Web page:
The following is a sampling of our favorites, all of which are included in our latest product Remote Learning Memes, which is an editable document so you can fully customize the text of over 120 memes. The images in the product come without any branding or watermarks. If you like what you see here, please share by pinning on Pinterest, sharing on Twitter, or tagging us on Instagram. Continue reading

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Starting the Year Remotely

It’s something we never expected. Something we are not trained for. And yet millions of teachers will start the year remotely this fall, embarking on a journey unlike any other. Meeting your students for the first time on Zoom and trying to build a relationship through Google Classroom will certainly be a challenge.

I certainly don’t have all the answers yet and I, too, will be leaning on my colleagues’ advice and posts on social media. Here are a few resources that I’ve gathered that might help you this year.

1) (FREE) My First MovieTalk: We released this free product last year as a way to introduce teachers to the MovieTalk method. This product includes 7 screenshots in a PowerPoint to tell a simple story (as opposed to our more language-robust booklet of the same video). You can use this during a Live Session or even record a video and post it to your learning management system (Google Classroom/Canvas/etc.).

2) FVR Digital Library: Even if you are back in the classroom, most schools have Spanish FVR Digital Library Bundle available on TeachersPayTeachersa recommendation against sharing materials between students. That makes using your classroom FVR library problematic. One thing that you can do to continue to get your students reading is to purchase materials that can be legally shared digitally. This FVR Bundle includes 17 texts that you can legally post on Google Classroom for students to read.

3) MovieTalk: Whether you embed the actual video into Edpuzzle and use comprehension checks along the way (Kara Jacobs is amazing at this) or you use screenshots from the video and add texts, videos are always an easy way to make language comprehensible because of the visuals that aid comprehension. Check out these MovieTalks.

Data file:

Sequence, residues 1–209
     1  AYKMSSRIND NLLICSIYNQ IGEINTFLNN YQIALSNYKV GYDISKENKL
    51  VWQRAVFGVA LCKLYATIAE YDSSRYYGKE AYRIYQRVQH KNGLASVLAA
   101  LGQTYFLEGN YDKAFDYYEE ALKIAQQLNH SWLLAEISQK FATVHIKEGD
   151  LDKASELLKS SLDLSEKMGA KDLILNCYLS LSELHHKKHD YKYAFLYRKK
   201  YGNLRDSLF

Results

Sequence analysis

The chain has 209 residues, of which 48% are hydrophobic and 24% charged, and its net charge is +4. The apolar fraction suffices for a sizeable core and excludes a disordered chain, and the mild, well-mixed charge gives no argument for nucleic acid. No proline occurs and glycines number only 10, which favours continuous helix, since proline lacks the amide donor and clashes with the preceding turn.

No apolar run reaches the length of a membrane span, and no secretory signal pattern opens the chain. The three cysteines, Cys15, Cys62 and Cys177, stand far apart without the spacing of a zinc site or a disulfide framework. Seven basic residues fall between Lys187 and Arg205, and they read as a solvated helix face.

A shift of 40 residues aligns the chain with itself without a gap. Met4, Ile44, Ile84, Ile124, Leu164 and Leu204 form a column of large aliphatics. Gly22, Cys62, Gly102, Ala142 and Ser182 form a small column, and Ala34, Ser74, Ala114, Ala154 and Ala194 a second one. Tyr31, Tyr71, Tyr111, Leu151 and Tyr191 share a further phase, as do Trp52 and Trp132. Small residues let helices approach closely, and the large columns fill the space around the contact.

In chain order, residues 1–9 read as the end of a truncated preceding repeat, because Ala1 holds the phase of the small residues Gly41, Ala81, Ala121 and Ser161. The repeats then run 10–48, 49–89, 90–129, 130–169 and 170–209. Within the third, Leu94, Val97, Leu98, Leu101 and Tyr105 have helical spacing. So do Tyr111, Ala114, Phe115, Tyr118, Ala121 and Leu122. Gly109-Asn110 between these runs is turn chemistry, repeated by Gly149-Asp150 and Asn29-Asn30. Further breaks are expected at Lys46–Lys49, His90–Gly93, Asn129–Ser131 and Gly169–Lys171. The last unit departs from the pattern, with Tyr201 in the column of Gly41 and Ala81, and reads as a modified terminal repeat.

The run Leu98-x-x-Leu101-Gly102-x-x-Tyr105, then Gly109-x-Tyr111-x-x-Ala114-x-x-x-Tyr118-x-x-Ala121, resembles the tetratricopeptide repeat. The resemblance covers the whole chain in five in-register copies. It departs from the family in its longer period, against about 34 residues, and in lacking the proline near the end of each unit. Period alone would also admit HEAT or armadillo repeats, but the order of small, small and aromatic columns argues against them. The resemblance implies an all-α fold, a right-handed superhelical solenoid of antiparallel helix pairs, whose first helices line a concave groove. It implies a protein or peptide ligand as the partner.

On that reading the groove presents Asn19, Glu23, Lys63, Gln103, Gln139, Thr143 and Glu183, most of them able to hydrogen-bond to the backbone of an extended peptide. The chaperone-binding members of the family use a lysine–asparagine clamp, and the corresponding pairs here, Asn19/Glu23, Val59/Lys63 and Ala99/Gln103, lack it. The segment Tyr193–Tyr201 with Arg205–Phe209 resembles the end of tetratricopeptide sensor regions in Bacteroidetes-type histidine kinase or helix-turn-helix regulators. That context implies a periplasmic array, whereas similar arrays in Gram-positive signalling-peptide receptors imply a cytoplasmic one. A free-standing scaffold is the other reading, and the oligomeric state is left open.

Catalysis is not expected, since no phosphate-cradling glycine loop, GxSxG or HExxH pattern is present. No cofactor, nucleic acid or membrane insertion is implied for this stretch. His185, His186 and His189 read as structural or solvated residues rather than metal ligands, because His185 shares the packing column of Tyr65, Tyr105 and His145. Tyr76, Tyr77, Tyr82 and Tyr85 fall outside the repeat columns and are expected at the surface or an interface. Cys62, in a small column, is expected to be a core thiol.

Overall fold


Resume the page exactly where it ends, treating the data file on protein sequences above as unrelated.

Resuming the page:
4) Social Justice: I’ve made a commitment to increase diversity in my curriculum. In addition to my Dolores Huerta Unit, and the Mujeres Poderosas free bulletin board, I will be adding lessons about more of those featured women, as well as other important people who have made an impact in our history who have typically been silenced. I hope to have more to share with you this year.

Also, don’t miss out on these limited deals on our new CLEARANCE section. We currently have stamps and more that have been slashed by nearly 50%. Check it out on

5) Google Classroom:
Check out our new Bundle including headers for Google Classroom and Backgrounds for Google Slides.

Check out our other new products for this fall:




Good luck this year, my friends!

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White privilege of Names

As you may know, I have devoted several blog posts over the years to the issue of assigning or letting students choose “Spanish names” in the Spanish classroom. Now with many more teachers being more aware of what white privilege is and how our education system is already part of a white supremacist system, I wanted to bring this topic back up so that teachers who may continue to engage in this practice are able to reflect.